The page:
(We’re sophisticated, we understand the truth here. It’s those brain-dead moral absolutists who are the problem – we know they don’t think.)
Dr. Mirkin is being celebrated as a hero for academic freedom.
(Or at least, should be. [The article is strangely devoid of any true celebration other than other academics.])
The chancellor here, Martha W. Gilliland, issued a strong statement supporting "the right to hold unpopular views”…
(We’re attaching this construct to a known value, “free speech”, without passing judgment on its content. Of course, we would neither offer support or withhold judgment if the construct was, say, that feminism hurts society or that racial preferences harm minorities.)
"Today's heresy often becomes tomorrow's orthodoxy."
(We’re on the leading edge, here, too bad you’re in a “moral panic”. We’ll be seen as pioneers and morally brave when pedophilia is a normal part of society, sometime in the future.)
For the record, Dr. Mirkin, who has grandchildren 2 and 7, said he had never had sexual contact with a child. Incest and rape, he said, are always wrong. He agreed that priests and teachers who touched children sexually were abusing their authority.
(See? He’s a good guy, he’s managed to be around young children without molesting them, and he agrees with you pat pat
that the priests are awful.)
But he questioned whether some people accusing priests these days were making up stories in search of a payday…
(The claims of harm from the intergenerational sex are just exploitation of the system for money; if we looked closer we’d see that in most cases the sexual activity was a healthy part of growing up.)
…he said he believed that much of what was called molestation was really harmless touching. He said he resented that teachers were leery of hugging children for fear they might be accused of abuse.
(Let’s trot out the fears that everyone has, that expressing genuine and non-sexual affection for children will be mistaken for inappropriate advances with abusive intent. Let’s soften the edges of pedophilia by making it something any of us could be accused of, just for loving physical contact.)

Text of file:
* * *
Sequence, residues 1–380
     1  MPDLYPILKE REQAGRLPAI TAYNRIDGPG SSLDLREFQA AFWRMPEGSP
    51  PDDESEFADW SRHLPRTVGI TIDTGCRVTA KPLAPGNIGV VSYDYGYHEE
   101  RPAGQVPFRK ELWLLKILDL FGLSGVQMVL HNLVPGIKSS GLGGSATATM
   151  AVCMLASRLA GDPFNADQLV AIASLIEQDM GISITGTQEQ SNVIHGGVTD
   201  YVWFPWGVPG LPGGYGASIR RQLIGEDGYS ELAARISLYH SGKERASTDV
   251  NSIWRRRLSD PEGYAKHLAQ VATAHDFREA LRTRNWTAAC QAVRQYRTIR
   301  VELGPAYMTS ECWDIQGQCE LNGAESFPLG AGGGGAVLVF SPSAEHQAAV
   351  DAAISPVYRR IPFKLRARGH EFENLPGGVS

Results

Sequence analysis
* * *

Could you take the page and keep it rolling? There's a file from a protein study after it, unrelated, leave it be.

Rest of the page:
"This particular issue is distasteful. I don't even like to think about it," said [Chancellor] Gilliland
(Would that be pedophilia, ma’am?) "We got out of the Dark Ages when we said we can challenge belief, we can investigate."
(Ahhh… no, the distaste is reserved for those who would stifle debate, not those who would bugger or fondle children.)
"I don't think it's something where we should just clamp our heads in horror," he said of pedophilia. "In 1900, everybody assumed that masturbation had grave physical consequences; that didn't make it true."
(That’s right, we’ll compare pedophilia with something we know everyone does, as a moral equivalent that is unrecognized as such just because we’re in a “moral panic” and unable to see clearly.)
"These things that you're sure of," he added, "you really ought to check out and test."
(Because, obviously, if you check out and test pedophilia, you’ll find that it is in fact a good thing for society, for the 12 year old paper boy and who knows who else.)
I don’t advocate shutting Mirkin down. But I do advocate mocking him at every turn, showing his efforts at taking child sex into the mainstream for what they are, and exposing his intellectualization and moral condescension as tools for accomplishing his goal. And I advocate castigating the New York Times for being willingly involved – either as a credulous sycophant at the altar of “science”, or a knowing conspirator with no moral compass.